116 3rd St SE
Cedar Rapids, Iowa 52401
CEDAR FALLS — There’s no debate that Northern Iowa has as good a collection of talent at wide receiver as any FCS team right now.
The group’s success was limited this spring, though. Injury at the position, and COVID-19 protocols that shook up both quarterback and offensive line, affected the group’s ability to produce.
Headed into 2021, UNI’s wide receivers are healthy. Combine that health with second-year position coach Joe Ganz’s experience and expectations are high.
“I think the biggest thing that we came away with in the spring was we found some players that either were young or haven’t had a lot of experience playing and they stepped up and made really big plays,” Ganz said. “The biggest thing for me coming in was making sure I set the culture and attitude of the room that I wanted.”
Isaiah Weston leads UNI’s wide receivers headed into this season. The 6-foot-4, 210-pound senior led the FCS in 2019 with 24.5 yards per catch after racking up 1,053 yards and 10 touchdowns in 43 receptions.
Weston was limited with multiple ailments this spring, but he’s healthy again and has been working to add to his skill set.
“We changed some things in terms of his offseason lifting and running regimen and stretching, yoga-type stuff to try and alleviate some of those injuries that he had,” Ganz said. “A lot of (the injuries) were bad luck. The biggest thing I’ve worked with Isaiah on is just his overall route-running ability.”
While Weston gives the Panthers a big-bodied target who can take the top off a defense with long-stride speed, Deion McShane and Quan Hampton — listed at 5-foot 9 and 5-foot-10, respectively — have proven themselves capable of creating separation in tight spaces and making circus catches.
McShane enters 2021 having averaged just shy of 27 receptions the past three seasons.
Hampton, meanwhile, made an immediate impact this spring after transferring from Kansas. The Texas native led UNI with 32 catches and 356 yards and was also a factor in the return and run game.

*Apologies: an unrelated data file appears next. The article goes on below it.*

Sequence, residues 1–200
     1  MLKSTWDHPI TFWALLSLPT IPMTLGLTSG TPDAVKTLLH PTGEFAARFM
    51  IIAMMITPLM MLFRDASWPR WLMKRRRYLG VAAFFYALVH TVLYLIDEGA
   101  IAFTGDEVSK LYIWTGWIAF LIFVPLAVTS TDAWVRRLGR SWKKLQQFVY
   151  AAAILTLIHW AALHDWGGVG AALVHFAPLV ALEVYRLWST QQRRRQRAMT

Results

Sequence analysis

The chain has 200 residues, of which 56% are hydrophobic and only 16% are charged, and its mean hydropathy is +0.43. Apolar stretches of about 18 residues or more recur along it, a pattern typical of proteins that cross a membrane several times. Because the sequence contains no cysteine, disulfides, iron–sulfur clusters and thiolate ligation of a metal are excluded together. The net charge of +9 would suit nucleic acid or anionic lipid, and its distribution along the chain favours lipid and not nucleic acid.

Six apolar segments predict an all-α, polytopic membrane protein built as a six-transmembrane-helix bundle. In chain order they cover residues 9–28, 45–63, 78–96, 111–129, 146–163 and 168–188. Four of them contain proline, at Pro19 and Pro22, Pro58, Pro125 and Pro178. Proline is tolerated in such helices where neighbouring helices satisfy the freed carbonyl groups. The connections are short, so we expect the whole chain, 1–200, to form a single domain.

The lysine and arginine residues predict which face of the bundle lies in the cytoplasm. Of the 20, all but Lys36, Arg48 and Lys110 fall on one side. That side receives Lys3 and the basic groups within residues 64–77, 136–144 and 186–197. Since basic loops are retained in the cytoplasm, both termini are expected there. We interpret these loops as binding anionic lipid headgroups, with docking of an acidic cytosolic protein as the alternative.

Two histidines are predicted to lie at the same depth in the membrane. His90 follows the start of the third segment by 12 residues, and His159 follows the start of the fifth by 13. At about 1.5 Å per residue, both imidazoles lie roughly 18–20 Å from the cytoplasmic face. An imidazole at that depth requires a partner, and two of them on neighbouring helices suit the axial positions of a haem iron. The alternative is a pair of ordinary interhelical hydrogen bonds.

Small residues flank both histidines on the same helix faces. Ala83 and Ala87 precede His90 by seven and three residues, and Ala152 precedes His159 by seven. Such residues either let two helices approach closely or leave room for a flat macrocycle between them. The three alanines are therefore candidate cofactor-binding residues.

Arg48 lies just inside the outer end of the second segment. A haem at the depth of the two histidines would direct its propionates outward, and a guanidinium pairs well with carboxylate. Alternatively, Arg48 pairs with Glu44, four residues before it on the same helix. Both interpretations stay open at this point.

“It was easy for Quan because of his work ethic,” Ganz said. “(And) it always helps when you make plays on the field to back it up.”
Logan Wolf enters 2021 with as much or more potential as any receiver the Panthers have. The Cedar Falls native ramped up his snap count throughout the spring season as he built trust in his surgically-repaired shoulder.
Wolf flashed in 2019 as a true freshman — playing just four games to maintain his redshirt status — with a game-high 82-yard performance in a win against Western Illinois, highlighted by a 61-yard touchdown reception.
“He’s right there,” Ganz said. “I think (people) saw a glimpse of (his potential) when we played North Dakota State of how big of a factor he can be. The great thing about Logan is he’s so football intelligent that he can play all four spots at wide receiver. So, we’ve utilized him at creating different matchups.”
With preseason camp less than two weeks away, Ganz’s optimism for the Panthers offense in year two under offensive coordinator Shawn Watson — his former offensive coordinator when he was Nebraska’s starting quarterback from 2007-2008 — is built on his belief in the system, along with a return to mostly normal preseason circumstances.
“The amount of little tweaks and little changes that we can do to the different schemes, the different formations and all that stuff where they have a good understanding of conceptually what we’re trying to teach them, now they can just plug in and play all these different spots,” Ganz said. “You saw a little bit of it in the spring. There’s a lot more that is out there for this offense and I think that’s the exciting part.”